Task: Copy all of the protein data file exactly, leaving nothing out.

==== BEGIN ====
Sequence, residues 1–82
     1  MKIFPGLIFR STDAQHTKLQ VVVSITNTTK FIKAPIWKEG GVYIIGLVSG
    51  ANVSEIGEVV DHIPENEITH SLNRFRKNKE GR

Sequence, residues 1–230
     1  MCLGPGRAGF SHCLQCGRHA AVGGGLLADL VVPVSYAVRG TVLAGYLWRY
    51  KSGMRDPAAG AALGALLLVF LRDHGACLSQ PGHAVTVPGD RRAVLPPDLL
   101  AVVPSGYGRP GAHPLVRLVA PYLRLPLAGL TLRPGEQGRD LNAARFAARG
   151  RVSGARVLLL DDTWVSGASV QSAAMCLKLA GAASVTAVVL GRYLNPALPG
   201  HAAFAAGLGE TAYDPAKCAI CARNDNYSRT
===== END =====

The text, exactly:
Sequence, residues 1–82
     1  MKIFPGLIFR STDAQHTKLQ VVVSITNTTK FIKAPIWKEG GVYIIGLVSG
    51  ANVSEIGEVV DHIPENEITH SLNRFRKNKE GR

Sequence, residues 1–230
     1  MCLGPGRAGF SHCLQCGRHA AVGGGLLADL VVPVSYAVRG TVLAGYLWRY
    51  KSGMRDPAAG AALGALLLVF LRDHGACLSQ PGHAVTVPGD RRAVLPPDLL
   101  AVVPSGYGRP GAHPLVRLVA PYLRLPLAGL TLRPGEQGRD LNAARFAARG
   151  RVSGARVLLL DDTWVSGASV QSAAMCLKLA GAASVTAVVL GRYLNPALPG
   201  HAAFAAGLGE TAYDPAKCAI CARNDNYSRT